This is a controversial point in art theory.
"Controversial" indeed. The theories of Art pour l'Art and Formalism developed initially as a rejection of the notion that art can or should be judged upon non-Art external elements such as narrative, theology, morality, etc... The average member of the art audience during the Renaissance would not have questioned the idea that a painting might be deemed "poor" if it did not meet certain expectations in terms of religious expression, morality, etc... With the late 19th century, this idea was called into question. It was suggested that art might portray subjects or themes that were deemed ugly, inappropriate, unsavory, or even bland... and yet if the form in which these were realized was fine enough, such work might still qualify as "good" or even "great" art.
You naturally know that in the art scene of the 19th century, historical, mythological and religious motifs became more and more disputed by artists who believed in the autonomy of visual art, that is, in the independence of the artistic expression from things that haven´t anything to do with painting in itself.
Initially, the rejection of historical/mythological/religious themes had more to do with the artist's efforts to create an art that spoke of the "modern world".
The first to rebel against the traditional idea that painting has to transport non-visual contents were the Impressionists who reduced these contents to an extreme superficiality - that is, the viewer was not in need of knowing a wider cultural context of the shown scenery because he or she knew it from everyday life...
I would avoid assigning the rejection of non-visual elements to any single group of artists or period. Rubens was painting landscapes that had no higher narrative meaning in the 1600s...
The same was true of Gainsborough, Turner, Constable and numerous others...
Artists like Chardin and Zurbaran focused on the humble still life... which were essentially motifs for painting...
And artists like Vermeer and Boucher frequently focused upon scenes of everyday life:
Vermeer often repeated such motifs to the same degree later employed by the Impressionists... until it became something like a theme and variations in music...
The next step was the Expressionism which reduced the objects to half-abstract shapes.
While Expressionist distortions might have been primarily formalist to some artists... pointing the way toward total abstraction... this certainly wasn't true of many of the Expressionists... especially not Munch or the German Expressionists.
For these artists, formalist innovations remained a means to an end... a means of wrenching further meaning out of their chosen themes/subjects.
Kandinsky made the next and final step to abstraction using only colors and forms to express the basic visual energies, being inspired by music as I wrote before. Some years earlier, the artists Hilma af Klint and Frantisek Kupka created the first abstract paintings, both of them unfortunately remaining rather unknown in spite of their pioneer work.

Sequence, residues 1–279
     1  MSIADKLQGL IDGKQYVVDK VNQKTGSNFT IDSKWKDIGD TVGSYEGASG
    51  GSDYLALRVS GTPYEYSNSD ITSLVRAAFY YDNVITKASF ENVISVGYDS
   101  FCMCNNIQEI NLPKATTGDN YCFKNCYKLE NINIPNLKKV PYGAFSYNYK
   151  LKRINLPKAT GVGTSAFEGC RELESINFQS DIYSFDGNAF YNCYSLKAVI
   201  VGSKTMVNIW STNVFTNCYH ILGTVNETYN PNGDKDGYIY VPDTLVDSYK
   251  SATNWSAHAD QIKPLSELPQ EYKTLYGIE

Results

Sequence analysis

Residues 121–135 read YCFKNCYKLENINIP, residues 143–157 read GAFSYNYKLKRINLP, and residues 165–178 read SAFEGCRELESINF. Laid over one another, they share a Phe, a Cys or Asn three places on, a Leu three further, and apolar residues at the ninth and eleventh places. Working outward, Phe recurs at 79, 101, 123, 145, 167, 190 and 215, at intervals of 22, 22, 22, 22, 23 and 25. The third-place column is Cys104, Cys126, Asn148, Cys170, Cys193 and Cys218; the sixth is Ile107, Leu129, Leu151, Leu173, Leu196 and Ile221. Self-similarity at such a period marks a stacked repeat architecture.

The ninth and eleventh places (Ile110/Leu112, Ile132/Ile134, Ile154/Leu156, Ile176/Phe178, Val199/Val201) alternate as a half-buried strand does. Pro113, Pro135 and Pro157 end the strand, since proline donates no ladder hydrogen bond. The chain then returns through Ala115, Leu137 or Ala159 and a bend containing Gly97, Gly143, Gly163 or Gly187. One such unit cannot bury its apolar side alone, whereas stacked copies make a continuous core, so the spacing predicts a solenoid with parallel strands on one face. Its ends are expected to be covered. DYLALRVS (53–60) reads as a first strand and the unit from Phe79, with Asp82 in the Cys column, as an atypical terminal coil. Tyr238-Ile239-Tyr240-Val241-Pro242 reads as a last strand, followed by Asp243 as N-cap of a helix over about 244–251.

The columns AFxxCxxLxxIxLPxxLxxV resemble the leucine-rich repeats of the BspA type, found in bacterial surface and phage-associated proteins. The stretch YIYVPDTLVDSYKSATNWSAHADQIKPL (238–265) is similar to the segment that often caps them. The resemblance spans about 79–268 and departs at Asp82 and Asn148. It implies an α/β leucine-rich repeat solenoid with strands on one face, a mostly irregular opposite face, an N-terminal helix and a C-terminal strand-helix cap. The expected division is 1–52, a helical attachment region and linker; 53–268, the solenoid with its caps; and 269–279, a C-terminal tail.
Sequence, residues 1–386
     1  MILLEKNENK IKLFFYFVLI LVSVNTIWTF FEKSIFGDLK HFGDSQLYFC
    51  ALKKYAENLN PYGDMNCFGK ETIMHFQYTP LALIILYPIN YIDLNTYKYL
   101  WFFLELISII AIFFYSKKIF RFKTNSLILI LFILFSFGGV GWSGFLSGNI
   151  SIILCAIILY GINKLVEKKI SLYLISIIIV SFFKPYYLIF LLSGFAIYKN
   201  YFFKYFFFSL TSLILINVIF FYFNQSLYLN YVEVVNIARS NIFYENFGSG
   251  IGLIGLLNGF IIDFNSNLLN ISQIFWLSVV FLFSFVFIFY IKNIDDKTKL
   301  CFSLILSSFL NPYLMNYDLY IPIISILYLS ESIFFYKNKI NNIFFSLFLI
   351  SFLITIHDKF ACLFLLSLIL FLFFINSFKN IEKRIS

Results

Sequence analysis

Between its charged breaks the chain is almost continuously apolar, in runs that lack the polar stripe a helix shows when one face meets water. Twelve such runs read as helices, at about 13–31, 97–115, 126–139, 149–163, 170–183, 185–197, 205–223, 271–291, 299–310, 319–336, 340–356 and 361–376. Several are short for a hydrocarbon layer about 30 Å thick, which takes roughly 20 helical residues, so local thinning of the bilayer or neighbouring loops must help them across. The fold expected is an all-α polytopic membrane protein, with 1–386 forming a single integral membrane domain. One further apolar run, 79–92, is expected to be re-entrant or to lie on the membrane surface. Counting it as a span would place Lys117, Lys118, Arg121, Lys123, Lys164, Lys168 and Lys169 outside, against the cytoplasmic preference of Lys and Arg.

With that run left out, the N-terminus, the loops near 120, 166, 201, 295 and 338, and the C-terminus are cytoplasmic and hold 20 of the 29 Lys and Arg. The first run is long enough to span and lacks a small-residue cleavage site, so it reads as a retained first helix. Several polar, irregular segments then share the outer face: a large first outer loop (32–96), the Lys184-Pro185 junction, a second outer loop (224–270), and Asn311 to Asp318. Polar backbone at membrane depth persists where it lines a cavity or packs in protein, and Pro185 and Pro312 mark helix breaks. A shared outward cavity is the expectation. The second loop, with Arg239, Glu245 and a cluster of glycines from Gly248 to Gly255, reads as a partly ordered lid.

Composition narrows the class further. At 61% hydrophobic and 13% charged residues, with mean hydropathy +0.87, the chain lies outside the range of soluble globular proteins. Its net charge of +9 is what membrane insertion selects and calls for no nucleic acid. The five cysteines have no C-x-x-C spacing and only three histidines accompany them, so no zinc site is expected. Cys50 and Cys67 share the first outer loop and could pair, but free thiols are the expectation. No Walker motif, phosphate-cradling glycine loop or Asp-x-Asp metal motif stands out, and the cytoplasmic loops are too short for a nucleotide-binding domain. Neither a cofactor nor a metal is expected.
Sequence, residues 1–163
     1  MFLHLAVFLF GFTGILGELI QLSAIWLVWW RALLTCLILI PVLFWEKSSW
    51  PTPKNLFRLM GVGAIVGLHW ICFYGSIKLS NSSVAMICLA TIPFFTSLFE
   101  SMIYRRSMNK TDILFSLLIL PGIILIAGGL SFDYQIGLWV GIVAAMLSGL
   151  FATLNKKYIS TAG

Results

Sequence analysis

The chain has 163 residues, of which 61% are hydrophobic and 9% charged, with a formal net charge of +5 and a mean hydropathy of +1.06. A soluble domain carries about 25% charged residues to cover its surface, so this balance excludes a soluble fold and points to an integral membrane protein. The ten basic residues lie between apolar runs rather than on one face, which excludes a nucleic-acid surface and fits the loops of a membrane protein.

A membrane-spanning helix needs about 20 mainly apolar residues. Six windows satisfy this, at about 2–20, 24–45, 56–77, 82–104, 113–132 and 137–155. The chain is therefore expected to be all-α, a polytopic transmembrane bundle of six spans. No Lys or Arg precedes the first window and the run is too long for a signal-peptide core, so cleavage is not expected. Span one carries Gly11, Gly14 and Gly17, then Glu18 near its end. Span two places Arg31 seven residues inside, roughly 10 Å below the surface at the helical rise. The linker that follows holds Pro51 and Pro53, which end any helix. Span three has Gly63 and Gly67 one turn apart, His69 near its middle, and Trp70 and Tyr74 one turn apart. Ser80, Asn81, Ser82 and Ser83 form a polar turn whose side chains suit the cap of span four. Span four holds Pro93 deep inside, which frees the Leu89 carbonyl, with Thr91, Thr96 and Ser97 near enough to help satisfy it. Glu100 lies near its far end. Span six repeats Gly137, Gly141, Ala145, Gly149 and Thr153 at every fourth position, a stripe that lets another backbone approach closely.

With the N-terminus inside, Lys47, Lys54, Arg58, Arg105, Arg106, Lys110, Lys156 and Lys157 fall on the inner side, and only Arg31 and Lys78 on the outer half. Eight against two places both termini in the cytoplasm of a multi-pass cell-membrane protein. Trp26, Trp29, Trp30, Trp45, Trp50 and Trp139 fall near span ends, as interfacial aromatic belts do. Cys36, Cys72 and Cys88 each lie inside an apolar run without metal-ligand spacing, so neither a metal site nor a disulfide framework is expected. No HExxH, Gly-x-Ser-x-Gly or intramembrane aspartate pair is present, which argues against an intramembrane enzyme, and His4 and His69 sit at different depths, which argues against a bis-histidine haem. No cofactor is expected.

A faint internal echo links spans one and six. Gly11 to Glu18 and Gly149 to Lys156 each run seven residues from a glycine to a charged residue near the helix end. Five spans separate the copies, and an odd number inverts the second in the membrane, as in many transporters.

Remember, that Formalism and Abstraction were not unchallenged in the 20th century. The German Expressionists, Surrealists, Magic Realists, Social Realists, Mexican Muralists... and even Picasso would have called these notions into question.
So, radical advocates of the idea that painting should be basically independent of non-visual content would argue that the artificial value of - for example - the pictures shown in your article are only to be measured by the visual expressivity, independently from any historical or cultural background information.
Such is the theory of Greenbergian Formalism... but it was not universally accepted. Even leading figures of Abstract Expressionism (especially DeKooning and Guston) questioned the notion of removing narrative and non-art elements (the subject matter) from art. While one may embrace a film as primarily visual (2001, A Space Odyssey, comes to mind) one would never suggest that the non-visual elements present in a film were not of importance in understanding and even valuing a film. The same is true of painting. Any element present is of importance in fully understanding the work.
It would be pretentious of me to suggest I fully understand these works of art...
...based solely upon my notions of art rooted in Modernist Formalism. It would be no less pretentious to suggest I fully understand a Baroque narrative painting without having the least knowledge of the narrative employed or the tradition in which the work was created.
So it is one thing to ´understand´ a painting and another thing to appreciate its articifial qualities. What is needed for understanding has nothing to do with these qualities. For example, to appreciate the quality of Rembrandt or Rubens or Leonardo or Caravaggio paintings, one needs no historical or religious or mythological background info. Moreover, in my view such info does not add anything to the artificial value of those paintings.
Yes... I can "appreciate"... "like" a work of art that I don't understand... we all bring prior knowledge of our own... prior experiences... to bear upon any work of art... yet it seems only logical that a greater understanding of a work will likely increase the appreciation... although the reverse is also possible.